As part of that EMM platform, BoxTone delivers its service in three categories of functionality, according to Brian Reed, the company’s chief marketing officer and chief product officer. Mobile device management is generally the most well-known functional area; the second one is an emerging market called Web services management. The third category, mobile services management, focuses on reliability, service quality and cost efficiency.

        • $99 ARM-based PC runs either Ubuntu or Android

Free Software/Open Source

Leftovers

  • Security

    • Web Security

      As I write these words in mid-February 2013, many Ruby on Rails developers are worried. The framework that so many of us have used and enjoyed for so many years, turned out to have some serious security flaws. It’s not just the sort of flaw that can allow someone to modify your Web site either;these holes meant that a properly armed attacker could execute arbitrary code on your server. And nowadays, “properly armed” is not a very high threshold because of such tools as Metasploit, which make it laughably easy to launch an attack against an arbitrary computer on the Internet.

    • NSS 3.15.1 brings TLS 1.2 support to Firefox
  • Defence/Police/Secrecy/Aggression

    • Lithuania accused of stonewalling over CIA jail case

      Lawyers for a man who alleges he was held in a secret CIA jail in Lithuania have accused the Baltic state of failing to give proper answers to judges considering the case at the European Court of Human Rights.

    • The CIA’s New Black Bag Is Digital

      When the NSA can’t break into your computer, these guys break into your house.

    • HyTrust trousers $13m from VMware and CIA sugar daddy In-Q-Tel

      Business is booming at HyTrust, a maker of policy management and access control software for VMware virtual infrastructure, and whistleblower system admin Edward Snowden, who revealed the National Security Agency’s web-spying PRISM project, is doing his inadvertent part to pump it up even further.

      [...]

      HyTrust has been saying that IT shops should adopt a second approval rule for a lot of things that go on inside the data center for the past year, and the Snowden episode just makes this necessity all that more clear (at least, from the point of view of companies and governments).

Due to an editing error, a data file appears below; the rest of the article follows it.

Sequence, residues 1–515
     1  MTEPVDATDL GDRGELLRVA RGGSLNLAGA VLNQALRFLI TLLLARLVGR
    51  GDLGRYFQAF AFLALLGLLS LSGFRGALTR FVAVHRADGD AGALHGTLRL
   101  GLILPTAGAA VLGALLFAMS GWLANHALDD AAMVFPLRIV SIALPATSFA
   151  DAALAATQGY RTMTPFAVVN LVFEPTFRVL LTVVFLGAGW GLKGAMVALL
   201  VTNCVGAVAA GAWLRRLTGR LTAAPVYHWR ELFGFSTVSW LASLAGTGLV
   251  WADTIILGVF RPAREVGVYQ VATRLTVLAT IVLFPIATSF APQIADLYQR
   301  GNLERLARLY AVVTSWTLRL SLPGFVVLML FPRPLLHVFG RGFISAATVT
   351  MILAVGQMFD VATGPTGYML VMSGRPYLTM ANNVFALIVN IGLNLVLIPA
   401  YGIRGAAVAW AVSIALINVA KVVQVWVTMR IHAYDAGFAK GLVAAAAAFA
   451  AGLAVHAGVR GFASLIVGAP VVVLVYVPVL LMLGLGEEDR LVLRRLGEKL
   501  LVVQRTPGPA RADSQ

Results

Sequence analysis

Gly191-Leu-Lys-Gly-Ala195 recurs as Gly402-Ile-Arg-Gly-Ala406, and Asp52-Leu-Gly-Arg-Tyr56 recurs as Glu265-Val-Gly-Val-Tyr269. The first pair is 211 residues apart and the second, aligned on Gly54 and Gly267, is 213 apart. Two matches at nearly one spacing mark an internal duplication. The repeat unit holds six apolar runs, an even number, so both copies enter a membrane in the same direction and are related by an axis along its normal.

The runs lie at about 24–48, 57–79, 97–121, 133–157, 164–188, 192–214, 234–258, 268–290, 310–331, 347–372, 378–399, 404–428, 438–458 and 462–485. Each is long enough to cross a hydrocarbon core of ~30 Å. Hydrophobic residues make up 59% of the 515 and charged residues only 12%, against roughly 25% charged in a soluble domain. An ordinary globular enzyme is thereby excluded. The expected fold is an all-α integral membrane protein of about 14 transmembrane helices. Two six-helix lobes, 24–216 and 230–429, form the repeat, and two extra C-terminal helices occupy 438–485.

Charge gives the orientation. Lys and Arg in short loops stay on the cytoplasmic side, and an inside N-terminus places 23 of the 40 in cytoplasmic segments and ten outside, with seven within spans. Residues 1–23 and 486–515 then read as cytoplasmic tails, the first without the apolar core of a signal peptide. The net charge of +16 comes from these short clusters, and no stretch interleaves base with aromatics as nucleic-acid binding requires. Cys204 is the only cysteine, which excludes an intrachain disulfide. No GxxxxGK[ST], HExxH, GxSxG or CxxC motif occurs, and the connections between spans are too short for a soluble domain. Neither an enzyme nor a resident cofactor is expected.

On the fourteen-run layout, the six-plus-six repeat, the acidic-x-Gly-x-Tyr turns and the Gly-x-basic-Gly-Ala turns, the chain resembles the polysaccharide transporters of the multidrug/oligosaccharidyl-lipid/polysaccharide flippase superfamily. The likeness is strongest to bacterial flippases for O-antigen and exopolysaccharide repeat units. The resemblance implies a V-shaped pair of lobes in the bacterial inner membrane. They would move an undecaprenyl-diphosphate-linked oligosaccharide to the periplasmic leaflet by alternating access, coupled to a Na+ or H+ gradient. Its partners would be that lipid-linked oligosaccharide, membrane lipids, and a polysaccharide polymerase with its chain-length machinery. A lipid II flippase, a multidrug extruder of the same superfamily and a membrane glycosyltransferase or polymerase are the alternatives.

• How the CIA worked

      But Krasheninnikova thinks that “talking about soft power, we need to understand who developed it and for what purpose. If the concept of soft power still belongs to the U.S., we must learn the true meaning of this concept and understand how these mechanisms work. The main instrument of the cultural front of the Cold War was the “Congress for Cultural Freedom,” with offices in 35 countries and dozens of publications and programs. The majority of these programs were conducted through foundations and non-profit organizations. Some funds were very real, such as the Rockefeller Foundation, the Ford Foundation, the Asia Foundation, they exist today, and other funds were fakes, created specifically to transfer money and to clean the CIA as a source of funds for the organization. Non-profit organizations and U.S. funds are a mere extension of the U.S. state apparatus. If someone thinks that they are truly independent, then that person is deeply mistaken. As the author says, at one point in time there was a joke: “If any American philanthropic or cultural organization includes the words “independent” or “private” in their documents, most likely it is a cover for the CIA.”

      [...]

      “We have no right to have illusions and have no right to make errors,” Krasheninnikova believes. “The U.S. may make mistakes because they have enormous economic, political and military weight, and their margin for error is wide. We have almost no margin for error. For example, the situation with Libya. We have made a decision, and Libya as a state does not exist. Our mistakes cost us too much. Therefore, we must, as experts, people who are involved in the processes of government, be responsible for the decisions, be responsible for the fate of the country. And so we must have the possibility of a deeper understanding of the current processes, understanding of history, as they provide a much more accurate prediction of the future, of the steps of the United States. America’s not going anywhere, we have to deal with America for a long time, as long as we exist. Therefore, we need to know this actor exceptionally well.”

    • CIA human resources hiring wrong (ethical) people

      What’s wrong with human resources officials of the CIA and U.S. Army intelligence? Their ineptitude is damaging the image of Western democracy by hiring people that let the truth out.

    • Public deserves to know what’s in CIA torture report: Guest opinion

      Yes, America, we tortured. And there is a step that Oregonians can take now to help ensure that U.S.-sponsored torture never happens again.